“If he wants to be the leader of this party and continue to be, he has to make peace with Republicans of all varieties,” Rollins said. “I think he’ll get in front of that crowd, and no matter how carefully scripted they have him going in there, he’s going to basically do his own thing — as he has numerous times in the past.”
There are some conspicuous absences from the list of CPAC invitees, reflecting the current divide in the party. Senator Mitch McConnell, the Republican leader in the chamber, who has been open about his desire to leave Trump in the dust, was not invited. Mike Pence, whose term as vice president ended acrimoniously, as he refused to support Trump’s 11th-hour power grab, leading Trump’s supporters to threaten Pence’s life as they stormed the Capitol, declined an invitation to speak. And Nikki Haley, once a rising force in the party, will not be there either — after she gave a withering interview to Politico blasting Trump and saying that he had no future in G.O.P. politics.
A poll released Sunday by Suffolk University and USA Today found that three in every five voters who backed Trump last year said they would like to see him run again next time. Just 29 percent said he shouldn’t try again.
If there’s going to be a splintering of the party’s more socially moderate, corporate-minded wing and its increasingly working-class base, the numbers so far favor the base. According to the Suffolk/USA Today survey, voters who backed Trump last year said by a 20-point margin that they felt more loyalty to him than to the Republican Party.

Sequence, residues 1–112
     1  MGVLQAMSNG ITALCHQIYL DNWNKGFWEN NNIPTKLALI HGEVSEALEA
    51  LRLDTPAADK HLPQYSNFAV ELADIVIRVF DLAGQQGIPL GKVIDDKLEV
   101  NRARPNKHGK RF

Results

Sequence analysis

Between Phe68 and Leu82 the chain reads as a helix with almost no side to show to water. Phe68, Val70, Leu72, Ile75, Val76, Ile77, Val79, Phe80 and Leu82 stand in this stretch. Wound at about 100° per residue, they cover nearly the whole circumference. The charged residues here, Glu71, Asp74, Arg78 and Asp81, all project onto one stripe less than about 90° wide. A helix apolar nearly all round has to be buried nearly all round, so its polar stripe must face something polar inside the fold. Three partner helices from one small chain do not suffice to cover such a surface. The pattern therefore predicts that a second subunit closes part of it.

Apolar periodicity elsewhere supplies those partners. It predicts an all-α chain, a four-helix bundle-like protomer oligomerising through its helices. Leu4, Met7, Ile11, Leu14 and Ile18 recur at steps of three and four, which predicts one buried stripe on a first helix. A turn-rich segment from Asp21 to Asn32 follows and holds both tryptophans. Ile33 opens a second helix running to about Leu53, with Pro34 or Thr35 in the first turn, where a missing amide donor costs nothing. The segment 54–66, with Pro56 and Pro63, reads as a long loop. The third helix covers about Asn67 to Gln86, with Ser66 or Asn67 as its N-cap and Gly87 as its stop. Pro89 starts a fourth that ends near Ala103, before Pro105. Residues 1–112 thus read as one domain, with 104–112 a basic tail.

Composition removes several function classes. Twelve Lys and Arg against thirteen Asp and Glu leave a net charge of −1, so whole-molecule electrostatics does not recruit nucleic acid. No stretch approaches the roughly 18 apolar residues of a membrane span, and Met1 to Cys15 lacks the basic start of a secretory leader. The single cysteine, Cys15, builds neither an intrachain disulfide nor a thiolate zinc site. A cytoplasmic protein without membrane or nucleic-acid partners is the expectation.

Forty-six percent said they would follow Trump to a new party if he broke away from the G.O.P. And 27 percent said they hadn’t made up their minds on it yet.
(The poll’s sample included any respondents who had indicated in a Suffolk survey at some point in 2020 that they would vote for Trump, and had said they were willing to be called back after the election. Ninety percent of respondents to this poll indicated that they had, in fact, cast a ballot for him in November.)
It’s not just Trump the politician who retains his appeal. It’s also the groundwork of falsehoods that he laid, and that have become a kind of litmus test for which side of the G.O.P. divide a voter falls on.
Fifty-eight percent of respondents to the Suffolk/USA Today poll said that they thought the Capitol riot on Jan. 6 was primarily the work of antifa, and “only involved a few Trump supporters.” Nearly four in five said the rioters would have stormed the Capitol even if Trump hadn’t egged them on. By comparison, 28 percent called it “a rally of Trump supporters, some of whom attacked the Capitol,” and just 4 percent said it had been an attempted coup.
Trump’s claims that the election was stolen from him — which he has repeated in the wake of Limbaugh’s death, and which he is likely to air out again on Sunday — still have traction among his supporters. Only 17 percent of respondents to the poll said Biden had been elected president legitimately, despite the absence of real evidence to the contrary.